Tuesday, 27 May 2014

Nutrition: Alternative carbohydrate sources

The diet of endurance athletes is likely to consist of large amounts of pasta, rice and breakfast cereal.  Athletes don’t have to stick to these traditional, reliable old carbohydrates though, and can benefit from adding some less well known cereals and carbohydrate-rich foods to their diet.  Those with gluten or wheat intolerance will appreciate the variety, and foods like couscous and polenta are a lot quicker to prepare than rice and pasta.  Here are some of the available options, and what they can contribute to a healthy balanced diet:

Potatoes, unlike cereal based carbohydrates, are a vegetable, and as a result are particularly nutrient dense.  Among the micronutrients which they contain is vitamin C, something which you won’t find in pasta, noodles, or rice.  Cook potatoes in their skins to minimise vitamin C loss during cooking.  There is practically no fat or cholesterol in potatoes, and their skins, if consumed, are a good source of fibre.  Potatoes do have a higher GI than most other starchy foods, and are too often served deep fried (in the form of chips or crisps), or smothered in butter.

Sweet potatoes, like common potatoes, are versatile, and nutrient dense.  They have a lower GI, and unlike white potatoes, they can be mashed and creamed without butter.  They are a good source of fibre, Vitamins A, B6 and C, and Beta-carotene and also contain some protein.  They can be boiled, mashed and roasted, similar to potatoes, and can also be added to curry, risotto and pasta dishes.

Yams, a West African staple, are similar, but not related to sweet potatoes.  The can be cooked in a variety of ways, but traditionally are most often boiled, roasted or fried.  Yams have a lower GI than potatoes, and are a good source of fibre, potassium, manganese, vitamin B6 and vitamin C.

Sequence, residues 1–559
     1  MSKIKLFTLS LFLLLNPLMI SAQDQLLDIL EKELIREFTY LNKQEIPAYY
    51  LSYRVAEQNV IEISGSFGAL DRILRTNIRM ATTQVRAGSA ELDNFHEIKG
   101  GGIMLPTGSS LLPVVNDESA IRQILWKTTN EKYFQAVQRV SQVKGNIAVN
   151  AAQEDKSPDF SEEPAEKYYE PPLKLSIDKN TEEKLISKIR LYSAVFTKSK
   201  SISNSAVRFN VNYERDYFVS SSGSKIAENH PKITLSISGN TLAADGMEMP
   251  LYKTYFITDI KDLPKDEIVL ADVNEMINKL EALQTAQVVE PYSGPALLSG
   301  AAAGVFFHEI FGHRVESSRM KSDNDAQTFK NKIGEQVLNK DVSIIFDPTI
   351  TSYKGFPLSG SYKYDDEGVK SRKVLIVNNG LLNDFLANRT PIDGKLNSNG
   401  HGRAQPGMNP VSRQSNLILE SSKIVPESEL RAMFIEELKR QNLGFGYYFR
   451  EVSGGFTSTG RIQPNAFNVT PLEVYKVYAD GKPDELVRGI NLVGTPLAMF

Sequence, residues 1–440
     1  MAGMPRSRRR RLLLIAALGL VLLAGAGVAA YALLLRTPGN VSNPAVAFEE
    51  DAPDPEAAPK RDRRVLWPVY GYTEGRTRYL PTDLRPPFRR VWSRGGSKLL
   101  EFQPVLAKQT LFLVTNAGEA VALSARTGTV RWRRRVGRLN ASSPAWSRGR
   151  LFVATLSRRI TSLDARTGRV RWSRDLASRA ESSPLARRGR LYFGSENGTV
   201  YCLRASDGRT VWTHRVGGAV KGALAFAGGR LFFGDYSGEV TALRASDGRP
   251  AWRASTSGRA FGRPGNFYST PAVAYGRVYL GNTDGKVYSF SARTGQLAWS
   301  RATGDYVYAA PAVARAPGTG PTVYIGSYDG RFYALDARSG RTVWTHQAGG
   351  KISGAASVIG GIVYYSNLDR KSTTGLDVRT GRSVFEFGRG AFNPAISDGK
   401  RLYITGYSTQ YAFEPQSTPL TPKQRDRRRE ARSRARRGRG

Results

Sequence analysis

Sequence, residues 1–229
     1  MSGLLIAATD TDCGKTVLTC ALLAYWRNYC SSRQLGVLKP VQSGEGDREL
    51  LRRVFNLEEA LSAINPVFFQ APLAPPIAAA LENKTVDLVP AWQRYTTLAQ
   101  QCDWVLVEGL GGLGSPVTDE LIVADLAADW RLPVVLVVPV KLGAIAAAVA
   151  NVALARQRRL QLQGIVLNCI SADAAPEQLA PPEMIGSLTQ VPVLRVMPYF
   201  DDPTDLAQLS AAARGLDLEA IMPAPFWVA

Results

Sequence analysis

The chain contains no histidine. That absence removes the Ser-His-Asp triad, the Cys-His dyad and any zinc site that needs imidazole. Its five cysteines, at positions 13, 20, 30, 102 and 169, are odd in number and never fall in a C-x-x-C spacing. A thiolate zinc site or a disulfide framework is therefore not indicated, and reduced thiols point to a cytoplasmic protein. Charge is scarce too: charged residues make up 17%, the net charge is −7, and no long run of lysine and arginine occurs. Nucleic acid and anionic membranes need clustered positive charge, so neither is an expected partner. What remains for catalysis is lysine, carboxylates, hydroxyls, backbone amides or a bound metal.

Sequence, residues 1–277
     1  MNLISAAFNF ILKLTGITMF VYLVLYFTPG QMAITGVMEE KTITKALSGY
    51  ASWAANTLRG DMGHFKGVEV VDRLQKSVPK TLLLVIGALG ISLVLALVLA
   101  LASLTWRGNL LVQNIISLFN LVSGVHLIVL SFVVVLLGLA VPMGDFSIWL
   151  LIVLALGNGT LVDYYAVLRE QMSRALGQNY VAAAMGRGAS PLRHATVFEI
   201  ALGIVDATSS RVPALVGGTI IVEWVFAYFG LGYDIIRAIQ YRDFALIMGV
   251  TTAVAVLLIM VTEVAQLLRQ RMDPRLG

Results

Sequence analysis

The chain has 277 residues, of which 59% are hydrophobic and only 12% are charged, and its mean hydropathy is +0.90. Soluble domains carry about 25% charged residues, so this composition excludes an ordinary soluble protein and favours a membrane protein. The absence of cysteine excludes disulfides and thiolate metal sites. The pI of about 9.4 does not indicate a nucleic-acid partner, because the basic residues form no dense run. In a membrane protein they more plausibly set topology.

Other vegetables which are high in carbohydrates include cassava, artichokes, sweetcorn, winter squashes, and pumpkin.  Legumes, including peanuts, lentils, peas and beans are also sources of carbohydrate, and as low GI foods, can be added to rice, pasta and potato dishes to lower the overall GI of the dish.

Oats is a great breakfast food for athletes.  Hulled oats is not stripped of its bran or germ, like other processed grains.  In addition to high fibre content, oats has cardio-protective properties, and helps protect against a range of diseases.  Oats is generally served as porridge, though it can also be added to soups and stews, or used as the basis of flapjacks and a range of other sweet treats.

Polenta is a staple food in much of northern Italy.  The word ‘polenta’ literally means ‘cornmeal mush’ and is made from naturally low fat, low cholesterol, high fibre cornmeal ground cornmeal flour.  Polenta can be boiled, fried, baked in breads and cakes, or served alongside stews.  Instant powered polenta is widely available.  To make polenta, simply mix the cornmeal with water, and simmer until it thickens. ‘Wet’ polenta is served hot.  It can taste somewhat bland, but adding Italian cheese, herbs, pesto, or strong flavoured foods can greatly enhance the taste.  Alternatively, polenta can be left to cool, cut into slices and grilled or fried.

I recently discovered polenta, and stuck for time one day, came up with my own special recipe, which takes just 10 minutes to prepare.  It goes something like this:

1. Prepare some instant polenta as per packet instructions (stir some polenta into a saucepan of boiling water; add more until becomes a thick paste, simmer for 2 to 3 minutes).
2. Meanwhile poach two eggs.
3. Chop half a red pepper, grate 1 carrot, chop 1 tomato.  (I’ve chosen these vegetables because they don’t need to be cooked, but you can of course choose any vegetable that doesn’t need to be cooked, or stir-fry some vegetables in a separate pan.)
4. Grate or dice a small amount of cheese.  (A strong-flavoured soft cheese such as feta or blue cheese would help add taste to the bland polenta.)
5. Add the vegetables and cheese to the polenta and stir in with a large spoon of pesto, and some sunflower seeds or chopped walnuts.
6. Serve with the eggs.


This is a good dish for eating after training as it is quick to prepare, and is high in carbohydrates, protein and vitamins.  You can add some smoked salmon instead of the eggs, and experiment with different nuts and seeds.